Yesterday, BlackRock released its latest proxy voting guidelines for U.S. securities. It also released its Investment Stewardship Global Principles, along with a 2022 policy updates summary. Here are three new items to be aware of:

1. The new guidelines remain consistent with BlackRock’s existing approach to engagement on board diversity. New for 2022, BlackRock has added an aspirational goal of at least one director who identifies as a member of an underrepresented group to its existing targets for companies of 30% diversity of membership and at least two directors who identify as female.

BlackRock defines “underrepresented group” as including (but not limited to) individuals identifying as Black or African American, Hispanic or Latinx, Asian, Native American or Alaska Native, or Native Hawaiian or Pacific Islander; individuals who identify as LGBTQ+; individuals who identify as underrepresented based on national, Indigenous, religious or cultural identify; individuals with disabilities; and veterans.

The bottom line for the board diversity policy is that failure to meet these goals does not necessarily result in a vote against nominating committee members. BlackRock has, and may in the future, vote against when “a company has not adequately accounted for diversity in its board compositions within a reasonable timeframe.”

2. In 2021, BlackRock called on companies to disclose a plan for how their business model will be aligned with a global goal of net zero greenhouse gas (GHG) emissions with 2050. For 2022, it encourages companies to “demonstrate that their plans are resilient under likely decarbonization pathways, and the global aspiration to limit warming to 1.5oC.” This policy recognizes that not all companies are equally positioned to transition their businesses at the same rate, but those with larger market caps are expected to act an accelerated rate.

BlackRock’s climate risk voting policy was also updated to encourage companies to include a focus on contributions to a “just transition” to net zero – “ensuring a reliable energy supply and protecting the most vulnerable from energy price shocks and economic dislocation.”

3. For 2022, BlackRock retains its ask that companies report in line with recommendations of TCFD, but has broadened its view on sustainability reporting standards. Rather than focusing only on SASB reporting standards, the updated policies recognize that some companies might report using standards other than SASB.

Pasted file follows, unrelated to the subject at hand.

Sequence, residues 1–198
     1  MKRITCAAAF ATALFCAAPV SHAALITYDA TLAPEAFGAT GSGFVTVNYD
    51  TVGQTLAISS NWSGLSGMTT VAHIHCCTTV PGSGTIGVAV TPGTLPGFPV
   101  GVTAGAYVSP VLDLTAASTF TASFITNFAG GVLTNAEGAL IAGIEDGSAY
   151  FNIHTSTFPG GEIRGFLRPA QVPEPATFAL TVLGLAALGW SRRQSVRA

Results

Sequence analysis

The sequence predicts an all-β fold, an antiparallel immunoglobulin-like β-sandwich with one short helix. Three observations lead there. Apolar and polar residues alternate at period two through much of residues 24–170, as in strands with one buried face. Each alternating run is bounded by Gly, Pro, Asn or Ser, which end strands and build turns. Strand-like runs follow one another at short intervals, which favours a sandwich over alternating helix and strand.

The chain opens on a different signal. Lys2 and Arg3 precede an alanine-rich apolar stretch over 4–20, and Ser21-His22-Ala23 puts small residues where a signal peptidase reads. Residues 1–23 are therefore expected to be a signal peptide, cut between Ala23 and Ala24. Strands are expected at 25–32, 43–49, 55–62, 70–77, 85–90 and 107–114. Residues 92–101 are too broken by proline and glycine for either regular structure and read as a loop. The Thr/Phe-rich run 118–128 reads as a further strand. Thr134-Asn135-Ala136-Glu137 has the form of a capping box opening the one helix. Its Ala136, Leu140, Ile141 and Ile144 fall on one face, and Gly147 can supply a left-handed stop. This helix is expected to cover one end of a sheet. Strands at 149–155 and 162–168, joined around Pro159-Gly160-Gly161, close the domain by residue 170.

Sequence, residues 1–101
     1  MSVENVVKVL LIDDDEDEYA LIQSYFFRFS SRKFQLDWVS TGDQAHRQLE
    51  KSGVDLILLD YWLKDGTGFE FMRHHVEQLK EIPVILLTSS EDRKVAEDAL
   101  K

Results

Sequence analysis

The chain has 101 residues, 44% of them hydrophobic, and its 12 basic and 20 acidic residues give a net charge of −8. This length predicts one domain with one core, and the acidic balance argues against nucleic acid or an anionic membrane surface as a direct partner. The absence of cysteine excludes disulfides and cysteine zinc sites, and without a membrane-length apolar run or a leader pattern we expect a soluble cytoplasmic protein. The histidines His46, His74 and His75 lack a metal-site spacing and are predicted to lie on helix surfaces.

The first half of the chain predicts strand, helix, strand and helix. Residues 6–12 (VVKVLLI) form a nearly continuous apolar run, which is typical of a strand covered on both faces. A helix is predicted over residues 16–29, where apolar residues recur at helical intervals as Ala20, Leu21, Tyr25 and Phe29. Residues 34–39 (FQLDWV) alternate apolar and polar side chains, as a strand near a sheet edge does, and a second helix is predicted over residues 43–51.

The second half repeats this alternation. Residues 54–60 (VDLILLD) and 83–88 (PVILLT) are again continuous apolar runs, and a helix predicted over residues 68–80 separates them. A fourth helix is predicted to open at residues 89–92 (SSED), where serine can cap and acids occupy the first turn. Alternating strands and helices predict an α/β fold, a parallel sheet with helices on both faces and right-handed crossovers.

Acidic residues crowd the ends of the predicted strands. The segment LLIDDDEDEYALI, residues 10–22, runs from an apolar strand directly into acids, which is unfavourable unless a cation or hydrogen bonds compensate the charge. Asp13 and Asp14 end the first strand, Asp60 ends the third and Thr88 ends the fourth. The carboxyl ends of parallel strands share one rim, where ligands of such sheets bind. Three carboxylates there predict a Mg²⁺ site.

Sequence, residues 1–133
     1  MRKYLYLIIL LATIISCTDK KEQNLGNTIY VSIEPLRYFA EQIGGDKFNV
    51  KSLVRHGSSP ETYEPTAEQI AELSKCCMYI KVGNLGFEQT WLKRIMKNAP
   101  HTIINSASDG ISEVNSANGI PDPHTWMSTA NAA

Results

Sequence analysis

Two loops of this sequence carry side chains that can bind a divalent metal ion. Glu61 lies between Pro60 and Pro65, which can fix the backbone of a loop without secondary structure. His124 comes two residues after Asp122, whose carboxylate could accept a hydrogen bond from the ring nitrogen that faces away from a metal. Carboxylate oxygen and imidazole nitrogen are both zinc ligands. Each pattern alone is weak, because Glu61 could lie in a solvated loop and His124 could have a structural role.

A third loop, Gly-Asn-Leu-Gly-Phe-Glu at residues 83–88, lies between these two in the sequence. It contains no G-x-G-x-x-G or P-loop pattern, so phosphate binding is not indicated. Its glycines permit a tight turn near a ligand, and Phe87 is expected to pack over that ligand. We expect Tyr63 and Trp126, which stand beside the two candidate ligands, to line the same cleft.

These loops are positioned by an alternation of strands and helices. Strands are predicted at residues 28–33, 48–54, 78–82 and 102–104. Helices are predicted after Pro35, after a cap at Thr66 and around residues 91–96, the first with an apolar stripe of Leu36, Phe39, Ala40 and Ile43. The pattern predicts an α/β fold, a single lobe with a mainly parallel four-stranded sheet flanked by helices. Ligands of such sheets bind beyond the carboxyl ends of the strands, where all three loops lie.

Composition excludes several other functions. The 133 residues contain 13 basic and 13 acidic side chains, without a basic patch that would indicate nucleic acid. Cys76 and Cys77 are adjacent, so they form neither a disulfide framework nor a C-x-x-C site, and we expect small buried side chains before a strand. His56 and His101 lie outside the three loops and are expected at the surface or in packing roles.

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Photo of Allison Handy Allison Handy

Allison Handy is the firmwide co-chair of the Corporate & Securities practice. Her extensive experience includes advising public and private companies in connection with corporate governance practices, disclosure issues, and capital markets transactions, such as equity offerings, debt offerings and tender offers. She…

Allison Handy is the firmwide co-chair of the Corporate & Securities practice. Her extensive experience includes advising public and private companies in connection with corporate governance practices, disclosure issues, and capital markets transactions, such as equity offerings, debt offerings and tender offers. She is also a leader of the firm’s Environmental, Social, and Governance advisory team.

Allison provides counsel to companies on a broad range of issues faced by management and directors in connection with the many compliance aspects of securities laws, including governance rules adopted by the Securities and Exchange Commission (SEC) and stock exchanges. She advises boards and committees in matters related to internal investigations and the efforts of shareholder activists, and works closely with in-house counsel, financial personnel, and outside auditors and advisors to help her clients prepare proxy statements and other reports to investors that meet complex disclosure obligations.